The citizen of Hazleton demanded that something be done, and the Illegal Immigration Relief Act was introduced by the mayor and supported by the city by a vote of 4 to 1.
The ordinance was designed to reduce crime, the increasingly overcrowded schools, rising hospital costs, and escalating demand for city services that Hazleton was seeing due to an influx of illegal immigrants. The law would
* Deny licenses to businesses that knowingly employ illegal immigrants;
* Fine landlords $1,000 for each illegal immigrant discovered renting their properties;
* Require city documents to be in English only.
Let’s be clear about what’s going on here. No matter what some groups may be trying to do to muddy the water and portray Hazleton’s law as something playing to an uglier agenda, this law is not about legal immigration. This law is about dealing with the illegal immigration problem. The town’s mayor and city officials made this clear from the beginning, and it seems like they took a common sense approach.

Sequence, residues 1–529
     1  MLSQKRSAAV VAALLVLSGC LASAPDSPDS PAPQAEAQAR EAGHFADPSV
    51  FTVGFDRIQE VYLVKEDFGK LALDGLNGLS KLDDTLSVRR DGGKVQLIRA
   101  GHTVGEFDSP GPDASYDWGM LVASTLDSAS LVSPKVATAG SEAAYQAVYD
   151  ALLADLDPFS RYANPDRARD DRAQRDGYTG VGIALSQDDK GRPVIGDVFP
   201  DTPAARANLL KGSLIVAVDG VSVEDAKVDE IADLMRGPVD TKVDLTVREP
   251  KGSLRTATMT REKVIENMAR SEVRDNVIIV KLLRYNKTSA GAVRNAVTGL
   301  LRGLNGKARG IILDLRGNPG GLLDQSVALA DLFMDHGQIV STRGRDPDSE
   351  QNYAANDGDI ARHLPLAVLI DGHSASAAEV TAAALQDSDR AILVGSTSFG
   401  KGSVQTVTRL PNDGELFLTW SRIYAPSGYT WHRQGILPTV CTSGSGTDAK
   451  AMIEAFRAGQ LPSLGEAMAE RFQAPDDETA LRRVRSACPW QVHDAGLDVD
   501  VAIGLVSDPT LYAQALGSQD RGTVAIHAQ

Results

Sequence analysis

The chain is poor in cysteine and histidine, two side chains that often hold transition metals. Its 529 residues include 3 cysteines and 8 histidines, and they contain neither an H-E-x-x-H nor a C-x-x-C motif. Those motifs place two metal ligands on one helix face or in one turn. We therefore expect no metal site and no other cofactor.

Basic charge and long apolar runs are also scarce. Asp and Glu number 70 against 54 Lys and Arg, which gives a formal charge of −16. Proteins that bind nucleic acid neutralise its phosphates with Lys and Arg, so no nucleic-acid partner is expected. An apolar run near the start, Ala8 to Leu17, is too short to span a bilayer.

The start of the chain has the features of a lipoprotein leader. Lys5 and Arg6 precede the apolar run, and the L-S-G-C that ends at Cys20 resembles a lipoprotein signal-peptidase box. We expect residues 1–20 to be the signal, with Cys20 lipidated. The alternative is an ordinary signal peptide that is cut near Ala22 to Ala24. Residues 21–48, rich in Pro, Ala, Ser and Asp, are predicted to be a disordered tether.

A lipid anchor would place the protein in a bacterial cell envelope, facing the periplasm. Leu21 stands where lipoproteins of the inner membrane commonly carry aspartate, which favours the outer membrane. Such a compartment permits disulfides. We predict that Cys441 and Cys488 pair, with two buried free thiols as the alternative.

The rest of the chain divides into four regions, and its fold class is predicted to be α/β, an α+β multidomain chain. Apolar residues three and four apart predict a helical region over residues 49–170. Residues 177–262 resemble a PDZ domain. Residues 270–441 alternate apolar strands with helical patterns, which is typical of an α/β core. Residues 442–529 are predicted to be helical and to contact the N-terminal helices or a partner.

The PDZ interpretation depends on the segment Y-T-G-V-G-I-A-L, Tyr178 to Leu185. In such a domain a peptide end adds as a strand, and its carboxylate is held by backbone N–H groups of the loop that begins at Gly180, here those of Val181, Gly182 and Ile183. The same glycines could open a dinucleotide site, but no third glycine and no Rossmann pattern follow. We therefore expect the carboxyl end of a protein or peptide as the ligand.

But not to the American Civil Liberties Union which filed a lawsuit to block the law, or a federal judge in Pennsylvania, who overturned the law today.
The Hazleton ruling is an interesting one. The court made two basic conclusions. It found that the ordinance violated the due process clause of the Constitution and that the city lacked the authority to enact the law because Congress had “preempted” the field. Under the Constitution, when federal and state laws conflict, the federal law takes precedence, so long as it was within the power of Congress to enact the federal law in the first place.
So what the court said in this decision is that Congress has passed laws that preempt the field of immigration. As a result, state and local governments cannot enact laws to control illegal immigration or even the effects of illegal immigration.
Think about what this ruling means. Congress has preempted the field, so state and local governments are powerless to act. Then, Congress and the federal authorities do next-to-nothing to prevent illegal immigration, burdening the states and local communities around the country. But those communities cannot act because Congress said they couldn’t. What sense does that make?